The guiding policy behind these types of initiative is equal treatment. Obviously, any such organisational initiatives are influenced by the legal context in which the organization is based. There is likely to be legislation that requires organisations to undertake some actions. For instance, in the UK the legislation sets some of the parameters in the recruitment process in terms and conditions of employment and in reward systems.
There is a substantial problem with this sameness approach. It assumes that disadvantage arises because people are not treated the same. While this is sometimes the case, disadvantage can also arise due to treating people the same when their differences ought to be considered. This is eloquently summed up by Liff and Wajcman (1996: 81) in relation to gender:
The ‘difference’ perspective assumes that key differences exist between people and that these should be taken into account when managers are making decisions. In other words, it can be argued that ignoring differences can lead to disadvantage. Again there is a word of warning. There tend to be two strands to this perspective and this must be taken into account: (1) the collectivist strand; (2) the individualist strand.
This approach argues that the differences are associated with the social groups to which a person belongs. For example, as the quote above from Liff and Wajcman (1996) underlines, women’s domestic responsibilities are different in general from those of men – most notably in the time spent on childcare – so, to ignore this difference will disadvantage women. For instance, imagine a job had the following statement as part of the essential requirements: ‘Applicants must have at least five years’ previous experience of international sales and be aged between 28 and 35.’
These requirements would have a disadvantageous effect for women because (based on the uneven division of childcare responsibilities) a lower proportion of women would be able to meet the condition of being under 35 and having 5 years of relevant experience. This is due to the fact that more women than men would have taken career breaks to have children and rear children. Therefore, by ignoring the differences between men and women the requirements are disadvantaging women.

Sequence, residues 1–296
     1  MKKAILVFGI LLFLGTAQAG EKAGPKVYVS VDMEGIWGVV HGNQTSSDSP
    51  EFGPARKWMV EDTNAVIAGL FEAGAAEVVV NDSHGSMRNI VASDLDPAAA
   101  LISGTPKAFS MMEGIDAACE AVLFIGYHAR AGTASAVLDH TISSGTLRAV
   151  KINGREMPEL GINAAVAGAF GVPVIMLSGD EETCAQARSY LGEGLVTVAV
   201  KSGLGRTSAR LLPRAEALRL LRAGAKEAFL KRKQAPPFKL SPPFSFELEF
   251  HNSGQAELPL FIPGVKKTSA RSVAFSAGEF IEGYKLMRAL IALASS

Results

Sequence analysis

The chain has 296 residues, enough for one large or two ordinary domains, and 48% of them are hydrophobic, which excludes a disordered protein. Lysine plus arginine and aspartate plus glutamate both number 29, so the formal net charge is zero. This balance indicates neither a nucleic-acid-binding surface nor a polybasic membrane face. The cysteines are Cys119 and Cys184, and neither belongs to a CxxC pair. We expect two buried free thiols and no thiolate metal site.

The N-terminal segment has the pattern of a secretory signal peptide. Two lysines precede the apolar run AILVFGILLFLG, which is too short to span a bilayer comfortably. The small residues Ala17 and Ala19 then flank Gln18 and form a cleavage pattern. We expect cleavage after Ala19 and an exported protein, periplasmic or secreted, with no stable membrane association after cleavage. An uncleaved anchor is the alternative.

In the UK this could be construed as ‘indirect discrimination’, which means instances where there might be no intention to discriminate against a particular group but where the effect is discriminatory because certain conditions have been set down that advantage or disadvantage some groups over others. The collectivist strand therefore argues that differences between social groups exist and should be considered in relation to ensuring fairness at work.
This means that it might be relevant to introduce practices that are based on recognising differences between social groups, rather than ignoring differences. Below are some examples of the types of initiatives that might arise from taking this collectivist difference perspective:
The guiding policy behind these types of initiative is special treatment according to social group membership. Such initiatives are usually described as ‘positive action’ or ‘affirmative action’. There is a wide range of such initiatives, the most extreme sort being quotas that set a requirement for organisations to recruit and promote a specific percentage of people from disadvantaged groups. Setting quotas is the most extreme form of positive action initiative, and in the UK, as in other European countries, it is unlawful.